Kaare Klint was the father of Scandinavian modernism and is responsible for bringing Danish design to the centre stage. History has rarely seen such an impact left on the world of design by just one person, as Kaare Klint created a design language that would be spoken by designers for decades to come. The Danish golden age and Scandinavian modernism are periods that made Kaare Klint’s name synonymous with icon.
Kaare Klint’s appreciation for clean lines, simple ornamentation and an understanding of the human body translated into a design philosophy that has truly influenced the designs of today. Kaare Klint crafted pieces that embodied a perfect balance of form and function. This balance was achieved from his education as an apprentice in his father’s architectural practice. This is where he was educated in classic realism and ergonomics, this allowed him to understand the proportions and requirements of furniture.
Kaare Klint’s training focused a great deal on classical design on a global scale. Egyptian neoclassical design elements run through the veins of pieces such as the three-seater sofa pictured below:
Three seater sofa designed by Kaare Klint, manufactured by cabinetmaker N.M. Rasmussen. Holbæk. H. Denmark, 1916.
A sketch by Kaare Klint of the sofa. Faaborg Museum, Denmark.
Daybed designed by Kaare Klint for NM Rasmussen, Denmark. 1917.
“Kaare Klint paid great attention to detail in his designs, the daybed is a great example to how he brings a sense of lightness to the design through the legs and feet. The daybed is a large piece, but the turned discs and carved feet gives the impression of weightlessness to the design.” – Says Andrew Duncanson, founder of Modernity.
Rattan, or cane, is a staple in most Danish pieces, it reflects the craftsmanship and technical thinking of the design, a woven artwork. Kaare Klint’s use of materials was not limited to his Danish backyard, Klint built a palette from sampling different woods and leathers from a variety of sources.
Armchair model 4488 designed by Kaare Klint for Rud. Rasmussen, Denmark. 1931.
Pictured below is the Easy chair “Mix” designed by Kaare Klint and Edvard Kindt-Larsen for Rud. Rasmussen, Denmark. 1937. Klint used patinated Niger leather to accentuate flow of the mahogany frame. Klint named the “Mix” to recognise the collaboration with his student Edvard Kindt-Larsen, but the name also unknowingly identifies the mixture of the Nigeran material and Danish design.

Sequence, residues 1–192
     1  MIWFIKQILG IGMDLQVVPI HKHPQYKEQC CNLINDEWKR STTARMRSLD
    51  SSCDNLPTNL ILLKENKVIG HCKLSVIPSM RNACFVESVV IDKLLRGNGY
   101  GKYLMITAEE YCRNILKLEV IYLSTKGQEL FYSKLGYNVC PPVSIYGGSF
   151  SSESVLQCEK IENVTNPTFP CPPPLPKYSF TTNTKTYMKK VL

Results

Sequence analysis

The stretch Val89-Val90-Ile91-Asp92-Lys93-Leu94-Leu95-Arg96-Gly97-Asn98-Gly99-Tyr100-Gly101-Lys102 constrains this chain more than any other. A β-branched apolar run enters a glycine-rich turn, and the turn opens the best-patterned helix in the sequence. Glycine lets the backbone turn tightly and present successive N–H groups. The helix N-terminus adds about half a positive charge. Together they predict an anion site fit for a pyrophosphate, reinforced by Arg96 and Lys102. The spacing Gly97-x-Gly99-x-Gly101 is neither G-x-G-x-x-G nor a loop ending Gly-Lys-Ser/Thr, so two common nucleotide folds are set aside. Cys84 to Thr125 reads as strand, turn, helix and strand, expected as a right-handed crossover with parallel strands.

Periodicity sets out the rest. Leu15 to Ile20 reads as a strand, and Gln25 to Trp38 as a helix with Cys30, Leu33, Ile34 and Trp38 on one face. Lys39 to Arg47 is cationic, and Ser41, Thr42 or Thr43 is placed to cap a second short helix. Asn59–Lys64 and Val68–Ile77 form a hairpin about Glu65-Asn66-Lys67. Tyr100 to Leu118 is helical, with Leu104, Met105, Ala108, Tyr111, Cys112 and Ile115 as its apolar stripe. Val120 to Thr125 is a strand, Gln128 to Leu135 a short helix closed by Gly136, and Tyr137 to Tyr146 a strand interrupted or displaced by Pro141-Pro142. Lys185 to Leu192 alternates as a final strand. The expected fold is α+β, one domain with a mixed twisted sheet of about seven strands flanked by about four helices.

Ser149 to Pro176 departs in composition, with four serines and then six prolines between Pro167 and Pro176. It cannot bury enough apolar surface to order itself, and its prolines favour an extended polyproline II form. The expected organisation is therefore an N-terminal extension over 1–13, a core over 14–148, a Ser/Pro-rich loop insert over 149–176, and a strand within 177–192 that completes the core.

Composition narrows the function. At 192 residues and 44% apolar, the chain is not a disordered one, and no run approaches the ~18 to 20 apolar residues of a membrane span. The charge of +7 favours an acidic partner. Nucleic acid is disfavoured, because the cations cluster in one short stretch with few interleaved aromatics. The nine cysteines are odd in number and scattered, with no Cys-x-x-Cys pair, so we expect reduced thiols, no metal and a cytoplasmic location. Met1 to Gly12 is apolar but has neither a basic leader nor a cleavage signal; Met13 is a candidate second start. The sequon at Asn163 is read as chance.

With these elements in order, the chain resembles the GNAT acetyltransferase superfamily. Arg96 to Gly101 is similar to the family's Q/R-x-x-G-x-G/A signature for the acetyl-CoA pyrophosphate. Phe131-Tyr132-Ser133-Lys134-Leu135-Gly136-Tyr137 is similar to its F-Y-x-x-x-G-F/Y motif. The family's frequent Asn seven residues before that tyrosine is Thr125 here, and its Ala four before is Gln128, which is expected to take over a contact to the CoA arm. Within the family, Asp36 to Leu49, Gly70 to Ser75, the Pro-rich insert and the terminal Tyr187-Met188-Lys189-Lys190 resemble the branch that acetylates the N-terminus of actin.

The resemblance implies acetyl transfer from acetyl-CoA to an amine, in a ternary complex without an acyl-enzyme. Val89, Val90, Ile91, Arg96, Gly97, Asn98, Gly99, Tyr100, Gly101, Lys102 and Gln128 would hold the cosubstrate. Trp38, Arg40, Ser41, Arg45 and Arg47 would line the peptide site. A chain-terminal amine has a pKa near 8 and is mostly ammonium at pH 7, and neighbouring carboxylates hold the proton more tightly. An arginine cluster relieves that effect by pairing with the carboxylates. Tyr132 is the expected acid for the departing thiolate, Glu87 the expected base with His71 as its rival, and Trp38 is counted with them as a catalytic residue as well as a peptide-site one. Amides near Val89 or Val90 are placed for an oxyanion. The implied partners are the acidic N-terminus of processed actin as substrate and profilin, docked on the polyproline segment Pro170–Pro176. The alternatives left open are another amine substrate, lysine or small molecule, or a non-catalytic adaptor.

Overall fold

Easy chair “Mix” designed by Kaare Klint and Edvard Kindt-Larsen for Rud. Rasmussen, Denmark. 1937.
The pieces Kaare Klint crafted encapsulate technical perfection, masked by a minimalist aesthetic. The joinery flawlessly fits together, questioning whether the pieces were crafted from a single block of wood. The use of Niger leather in Danish furniture was iconised by such pieces as the aforementioned “Mix” chair and the “Red” chair (pictured below), designed for the 1929 world exhibition in Barcelona.
“The Red Chair” designed by Kaare Klint for Rud. Rasmussen, Denmark. 1933.
Kaare Klint’s legacy was imbued in the physical, his architectural and furniture masterpieces and the philosophical, as a lecturer Kaare Klint passed on his knowledge to students that would continue to inspire pieces based on his design philosophy.
Kaare Klint’s career began as a painter, one of considerable talent, but fate pushed him into apprenticing at his father’s architectural practice. Kaare Klint worked as both architect and furniture designer and designed pieces of the Faaborg museum as well completing his father’s architectural projects.
Kaare Klint was also an educator, Klint gained employment at the School of Furniture Design at the Academy of Fine Arts. In 1924 he became a lecturer and in 1944 he became a professor of architecture. This position at the school allowed for Kaare Klint to inspire the minds of students that would also reach infamy; Hans J. Wegner, Mogens Koch, Arne Jacobsen and Poul Kjærholm, amongst others.
Faaborg chair designed by Kaare Klint for Rud. Rasmussen,